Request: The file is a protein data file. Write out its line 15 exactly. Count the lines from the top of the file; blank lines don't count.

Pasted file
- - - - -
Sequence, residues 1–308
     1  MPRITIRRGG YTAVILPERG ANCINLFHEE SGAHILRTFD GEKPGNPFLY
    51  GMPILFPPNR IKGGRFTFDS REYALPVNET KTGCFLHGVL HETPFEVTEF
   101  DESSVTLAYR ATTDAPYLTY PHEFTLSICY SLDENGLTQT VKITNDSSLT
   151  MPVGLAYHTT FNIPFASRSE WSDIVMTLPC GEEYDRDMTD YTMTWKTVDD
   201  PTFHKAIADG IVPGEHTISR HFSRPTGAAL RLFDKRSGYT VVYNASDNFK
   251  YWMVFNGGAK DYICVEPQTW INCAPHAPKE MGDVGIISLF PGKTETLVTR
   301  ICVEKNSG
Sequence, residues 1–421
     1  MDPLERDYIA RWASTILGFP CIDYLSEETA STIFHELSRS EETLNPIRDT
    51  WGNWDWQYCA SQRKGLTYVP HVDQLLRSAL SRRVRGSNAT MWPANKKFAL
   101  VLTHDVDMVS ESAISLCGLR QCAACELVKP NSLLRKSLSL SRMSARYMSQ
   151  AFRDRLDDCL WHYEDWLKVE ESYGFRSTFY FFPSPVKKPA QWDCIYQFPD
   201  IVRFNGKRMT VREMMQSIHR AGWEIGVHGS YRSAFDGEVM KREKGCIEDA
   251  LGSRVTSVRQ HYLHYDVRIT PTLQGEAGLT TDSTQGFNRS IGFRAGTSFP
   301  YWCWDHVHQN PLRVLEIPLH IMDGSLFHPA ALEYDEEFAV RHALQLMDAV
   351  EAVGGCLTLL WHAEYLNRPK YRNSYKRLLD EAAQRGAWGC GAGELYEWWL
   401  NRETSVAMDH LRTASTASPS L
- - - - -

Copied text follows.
   251  LGSRVTSVRQ HYLHYDVRIT PTLQGEAGLT TDSTQGFNRS IGFRAGTSFP